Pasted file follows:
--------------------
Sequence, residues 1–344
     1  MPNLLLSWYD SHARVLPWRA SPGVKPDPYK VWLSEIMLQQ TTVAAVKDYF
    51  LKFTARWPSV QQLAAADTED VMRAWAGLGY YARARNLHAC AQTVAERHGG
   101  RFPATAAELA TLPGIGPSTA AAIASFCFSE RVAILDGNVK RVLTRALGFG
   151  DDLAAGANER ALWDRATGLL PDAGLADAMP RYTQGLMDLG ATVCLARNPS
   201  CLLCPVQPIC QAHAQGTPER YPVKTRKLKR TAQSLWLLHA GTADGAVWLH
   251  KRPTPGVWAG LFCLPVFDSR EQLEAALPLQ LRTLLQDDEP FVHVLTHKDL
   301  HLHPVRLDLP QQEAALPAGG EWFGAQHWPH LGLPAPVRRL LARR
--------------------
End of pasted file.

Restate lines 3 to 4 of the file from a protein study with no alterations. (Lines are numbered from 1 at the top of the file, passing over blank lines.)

    51  LKFTARWPSV QQLAAADTED VMRAWAGLGY YARARNLHAC AQTVAERHGG
   101  RFPATAAELA TLPGIGPSTA AAIASFCFSE RVAILDGNVK RVLTRALGFG